Among the goddesses reference is made in Ahananuru to Umaiyol/[112] (Parvati) and Kollippavai[113] (goddess of chastity). The Kuruntokai[114] and Padirruppattu[115] refer to Korravai as goddess of victory (Verrimadantai), dwelling in hilly areas with Her abode in the Vakai tree and holding sula as her weapon. Yet another goddess, described as a great war goddess living in forests, was called variously as Kanamar-selvi, Kadurai-kadavul, Tunangaiyan-selvi in literatures like Ahananuru[116], Kalittokai[117], Porunararruppadai[118], Perumbanarruppadai[119] and Tolkappiyam[120]. Silappadikaram121 gives an elaborate account of the cult and iconography of Durga, where she is called as Korravai–the sister of Mal (Vishnu) and consort of Siva and also refers to goddesses Lakshmi and Sarasvati. Manimekalai[121] especially mentions a temple for the goddess of learning at Madurai.

Other hilly goddesses like Suraramagalir and Kollippavai (a deity supposed to reside in the Kolli hills, Salem district) were also worshipped. The worship of Pattini (the Chaste Lady) was perhaps a very early institution and was perhaps an extension of the worship of a hero. But this seems to have become popular with Senguttuvan’s worship of Kannaki and it spread to distant places like Ceylon in the South and Malwa in the North[122].

Vedic sacrifices also became popular, especially among the ruling class. From Padirruppattu[123], it is known that the Chera king Perunjeral Irumporai performed Putrakameshti sacrifice. Purananuru[124] mentions that Mudukudumi Peruvaludi of the Pandyan family set up many sacrificial halls for the performance of Vedic sacrifices. It is known from Purananuru[125] that the Chola king Perunarkilli performed the sacrifice of Rajasuya and Asvamedha. Similarly Puram[126] refers to the many yajnas performed by Karikala.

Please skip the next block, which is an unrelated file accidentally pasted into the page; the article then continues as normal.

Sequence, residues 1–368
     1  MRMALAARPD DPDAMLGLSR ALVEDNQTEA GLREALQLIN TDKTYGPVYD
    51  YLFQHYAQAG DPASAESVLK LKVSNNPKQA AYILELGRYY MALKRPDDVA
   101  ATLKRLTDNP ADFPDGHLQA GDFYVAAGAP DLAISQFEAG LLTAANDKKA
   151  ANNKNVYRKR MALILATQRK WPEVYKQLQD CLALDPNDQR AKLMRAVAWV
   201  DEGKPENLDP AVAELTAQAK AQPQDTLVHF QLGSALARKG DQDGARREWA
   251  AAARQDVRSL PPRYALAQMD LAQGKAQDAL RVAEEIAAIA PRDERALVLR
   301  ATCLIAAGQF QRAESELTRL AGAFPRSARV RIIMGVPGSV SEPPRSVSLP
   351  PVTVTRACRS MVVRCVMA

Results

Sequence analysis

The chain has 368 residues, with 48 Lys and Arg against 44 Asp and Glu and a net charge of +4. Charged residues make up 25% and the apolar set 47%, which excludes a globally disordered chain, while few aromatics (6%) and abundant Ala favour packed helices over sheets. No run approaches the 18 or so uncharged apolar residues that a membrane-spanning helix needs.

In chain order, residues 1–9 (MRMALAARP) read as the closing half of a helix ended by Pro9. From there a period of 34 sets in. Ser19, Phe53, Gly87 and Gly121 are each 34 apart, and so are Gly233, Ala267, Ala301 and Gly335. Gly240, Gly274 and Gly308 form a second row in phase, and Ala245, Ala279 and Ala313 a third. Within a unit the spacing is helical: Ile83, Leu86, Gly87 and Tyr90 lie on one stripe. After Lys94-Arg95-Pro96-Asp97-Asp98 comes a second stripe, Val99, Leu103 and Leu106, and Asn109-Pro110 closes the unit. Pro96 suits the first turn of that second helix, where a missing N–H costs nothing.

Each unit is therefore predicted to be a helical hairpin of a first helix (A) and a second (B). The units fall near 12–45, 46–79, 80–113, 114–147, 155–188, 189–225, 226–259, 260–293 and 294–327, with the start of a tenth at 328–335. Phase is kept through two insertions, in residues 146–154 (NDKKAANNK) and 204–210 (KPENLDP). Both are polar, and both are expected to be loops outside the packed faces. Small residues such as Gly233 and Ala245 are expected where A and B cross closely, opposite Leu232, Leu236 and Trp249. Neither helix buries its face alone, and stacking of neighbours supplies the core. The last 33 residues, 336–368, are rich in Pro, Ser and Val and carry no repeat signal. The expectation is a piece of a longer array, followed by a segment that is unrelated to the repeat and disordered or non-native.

Different elements of nature are worshipped as either gods themselves or as their residence. Narrinai[127] gives numerous references to the practice of offering food and flowers to spirits and their resting places are believed to be trees, forests and hills. Ahananuru refers to the one-wheeled chariot as the vehicle of Sun god[128]. It also mentions that the Maravars after returning from raiding the cattles, used to worship the spirit in the neem tree by sacrificing a fat cow and consuming it[129]. Tirumurugarruppadai[130] refers to Indra, Yama, Varuna and Soma (Kubera) as the guardians of the east, south, west and north and also refers to the 33 devas and 12 ganas. Seperate temples dedicated to the Kalpaka tree (amarartarukkottam), the Sun (uchchikkilankottam) and the moon (nilakkottam) are mentined in Silappadikaram[131].